Dan Brown’s hit book The Lost Symbol opens with the words “The Secret is how to die. Since the beginning of time, the secret has always been how to die” (3). Truly, there are only two guarantees in this life: (1) you will be born, and (2) you will eventually die. As such, birth and death should be of great interest to everyone.
In society, talking about death is taboo. Death is something that is not fully understand. In fact, it is something that many do not wish to contemplate. For those lives that death has touched, it leaves a burning hole, a feeling of loss, often chased by despair and depression. As society politely sweeps the dead under the carpet with as little exposure to the living as possible, the people avert their eyes from the unknown and unknowable. We fear death because we know it not, we cling to life because it offers warm familiarity. Death is no tragedy, death is no sin, it is a step into the dark, a step all must one day take. The secret is how to die.
In Greek there is a word that is defined as “good death”, this word is Euthanasia. Euthanasia is the practice of allowing one to choose when they wish to end their life. Euthanasia is most often performed when an individual has decided there is more unavoidable pain and displeasure to come than happiness and they would prefer to end their life prematurely. The choice to be euthanized can extend to the family of the person if the said person is not in a condition to grant consent. Currently, there are only five countries that legally allow a form euthanasia.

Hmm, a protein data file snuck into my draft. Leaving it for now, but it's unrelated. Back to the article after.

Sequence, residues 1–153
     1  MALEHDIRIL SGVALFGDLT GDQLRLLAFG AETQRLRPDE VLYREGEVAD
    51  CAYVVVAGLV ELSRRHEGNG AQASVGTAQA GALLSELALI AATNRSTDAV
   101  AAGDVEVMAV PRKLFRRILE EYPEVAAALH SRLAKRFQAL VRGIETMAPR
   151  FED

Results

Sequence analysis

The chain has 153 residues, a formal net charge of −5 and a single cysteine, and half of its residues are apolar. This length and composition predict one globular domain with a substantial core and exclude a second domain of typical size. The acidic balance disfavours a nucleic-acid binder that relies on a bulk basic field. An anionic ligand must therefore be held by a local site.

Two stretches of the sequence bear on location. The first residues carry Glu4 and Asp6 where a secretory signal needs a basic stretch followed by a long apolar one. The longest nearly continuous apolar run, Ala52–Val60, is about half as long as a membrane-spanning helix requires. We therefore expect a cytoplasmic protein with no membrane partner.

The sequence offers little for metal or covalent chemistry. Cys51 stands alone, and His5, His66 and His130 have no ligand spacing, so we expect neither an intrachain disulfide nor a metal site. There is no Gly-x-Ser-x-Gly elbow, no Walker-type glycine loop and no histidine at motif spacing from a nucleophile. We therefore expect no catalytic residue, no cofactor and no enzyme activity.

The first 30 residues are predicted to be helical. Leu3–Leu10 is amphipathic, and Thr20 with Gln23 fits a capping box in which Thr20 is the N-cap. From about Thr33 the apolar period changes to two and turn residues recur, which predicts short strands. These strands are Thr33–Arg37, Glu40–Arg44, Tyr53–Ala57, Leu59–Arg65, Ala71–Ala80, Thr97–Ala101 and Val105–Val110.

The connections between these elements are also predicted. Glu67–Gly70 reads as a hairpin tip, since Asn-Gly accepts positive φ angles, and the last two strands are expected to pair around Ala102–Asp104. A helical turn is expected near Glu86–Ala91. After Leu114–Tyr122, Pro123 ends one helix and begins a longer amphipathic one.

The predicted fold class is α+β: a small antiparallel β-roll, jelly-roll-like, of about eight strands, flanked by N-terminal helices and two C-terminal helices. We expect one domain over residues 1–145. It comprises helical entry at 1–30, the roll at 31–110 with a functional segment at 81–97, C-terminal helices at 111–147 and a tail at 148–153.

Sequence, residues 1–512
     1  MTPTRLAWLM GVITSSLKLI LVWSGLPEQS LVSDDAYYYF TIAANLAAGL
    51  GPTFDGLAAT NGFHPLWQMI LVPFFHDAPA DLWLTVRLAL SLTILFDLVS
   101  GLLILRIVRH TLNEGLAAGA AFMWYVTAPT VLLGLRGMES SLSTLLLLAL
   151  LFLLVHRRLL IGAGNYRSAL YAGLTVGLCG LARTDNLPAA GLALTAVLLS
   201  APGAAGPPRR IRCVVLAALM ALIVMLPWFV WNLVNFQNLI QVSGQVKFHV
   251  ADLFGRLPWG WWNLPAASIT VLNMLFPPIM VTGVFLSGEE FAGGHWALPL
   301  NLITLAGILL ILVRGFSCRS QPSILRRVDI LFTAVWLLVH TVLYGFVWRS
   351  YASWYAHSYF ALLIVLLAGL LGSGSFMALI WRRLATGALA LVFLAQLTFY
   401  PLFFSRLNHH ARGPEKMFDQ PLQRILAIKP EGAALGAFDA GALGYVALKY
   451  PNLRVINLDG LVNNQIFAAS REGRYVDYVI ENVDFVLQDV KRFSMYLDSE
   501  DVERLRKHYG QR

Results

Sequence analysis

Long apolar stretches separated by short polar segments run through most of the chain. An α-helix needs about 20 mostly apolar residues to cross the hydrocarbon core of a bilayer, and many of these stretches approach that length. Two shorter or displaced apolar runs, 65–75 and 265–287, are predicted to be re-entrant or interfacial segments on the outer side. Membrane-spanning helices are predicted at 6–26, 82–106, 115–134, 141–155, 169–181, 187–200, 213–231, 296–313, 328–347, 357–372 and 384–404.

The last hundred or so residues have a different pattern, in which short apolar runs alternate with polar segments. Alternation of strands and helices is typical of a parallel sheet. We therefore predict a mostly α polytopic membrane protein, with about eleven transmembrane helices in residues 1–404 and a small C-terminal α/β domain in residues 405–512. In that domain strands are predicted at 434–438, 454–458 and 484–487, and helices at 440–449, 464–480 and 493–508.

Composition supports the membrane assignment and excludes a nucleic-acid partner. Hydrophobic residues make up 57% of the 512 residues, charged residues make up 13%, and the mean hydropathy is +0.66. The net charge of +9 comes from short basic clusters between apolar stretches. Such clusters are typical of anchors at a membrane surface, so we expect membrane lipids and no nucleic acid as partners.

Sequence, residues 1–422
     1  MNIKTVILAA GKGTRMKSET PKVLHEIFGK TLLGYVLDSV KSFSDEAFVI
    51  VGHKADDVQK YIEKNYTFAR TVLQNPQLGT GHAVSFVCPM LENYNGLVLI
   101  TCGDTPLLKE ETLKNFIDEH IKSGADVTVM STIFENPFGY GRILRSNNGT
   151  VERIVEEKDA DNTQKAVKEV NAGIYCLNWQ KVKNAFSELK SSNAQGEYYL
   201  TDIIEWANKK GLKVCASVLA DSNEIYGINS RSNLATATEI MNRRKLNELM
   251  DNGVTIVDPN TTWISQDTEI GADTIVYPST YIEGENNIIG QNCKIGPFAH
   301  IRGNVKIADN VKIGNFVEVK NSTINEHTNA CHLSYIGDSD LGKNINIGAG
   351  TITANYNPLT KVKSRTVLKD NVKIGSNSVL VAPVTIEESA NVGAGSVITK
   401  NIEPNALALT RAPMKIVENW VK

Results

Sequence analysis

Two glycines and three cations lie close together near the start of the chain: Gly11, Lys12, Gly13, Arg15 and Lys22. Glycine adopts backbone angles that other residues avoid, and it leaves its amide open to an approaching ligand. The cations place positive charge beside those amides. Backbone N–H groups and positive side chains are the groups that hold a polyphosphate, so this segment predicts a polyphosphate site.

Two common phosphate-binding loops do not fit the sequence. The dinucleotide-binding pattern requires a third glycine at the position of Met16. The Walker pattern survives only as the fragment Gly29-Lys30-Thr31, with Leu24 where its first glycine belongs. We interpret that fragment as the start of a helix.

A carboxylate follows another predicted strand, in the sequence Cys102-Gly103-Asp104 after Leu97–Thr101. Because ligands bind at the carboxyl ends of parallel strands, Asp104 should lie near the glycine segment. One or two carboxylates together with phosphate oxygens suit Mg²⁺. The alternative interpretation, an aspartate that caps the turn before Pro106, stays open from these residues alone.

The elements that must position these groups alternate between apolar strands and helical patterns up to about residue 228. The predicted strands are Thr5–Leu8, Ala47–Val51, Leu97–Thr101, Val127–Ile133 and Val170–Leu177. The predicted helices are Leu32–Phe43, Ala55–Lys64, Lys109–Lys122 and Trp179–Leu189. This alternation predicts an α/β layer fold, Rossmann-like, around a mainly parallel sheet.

As one examines the nature decision making, it is a parent that individuals constantly make choices they believe will bring happiness and joy. We weight the possibilities and make an individual choice of which option will afford us the most happiness or the least amount of displeasure. All our rights have been given to us so that we can achieve a greater level of freedom and happiness as individuals and as a society in general. There comes a point where the happiness of the individual and society would be greater if the individual were allowed to end his life.
That being said the legal acceptance of Euthanasia should be carefully defined and outlined as this concept could introduce several cultural and social issues if improperly applied. Many of us feel at points in our life that we would rather not have to continue living, we may feel that there is nothing worth living for. More often than no we come to realize in retrospection how wrong we truly were. It would be inappropriate and irresponsible for society to allow a healthy sixteen year-old boy to end his life prematurely because of a failed romantic relationship. Although he may wish his life to be over it would be rash and illogical for him to do it on the basis of utilitarianism and on the study of others such experiences.
Despite the potential negative implication of Euthanasia if inappropriately applied, the beneficial qualities far outweigh potential depravities. Let us consider a case wherein Euthanasia would be considered moral by utilitarian standards.
Doris’ husband was 82 years old when he started having serious medical issues. He had specifically placed in his will that “[He] didn't want any extreme measures taken [to preserve his life].” The time came when he was no longer conscious and his life was in question. Doris was influenced by her children to place her husband into a special care facility. She visited him every day that he was in the facility. Doris described it first hand:
He was in intensive care. Tubes were inserted in his neck, oxygen was given, and he had a tube down his throat. Every day different specialists examined him. He remained unconscious.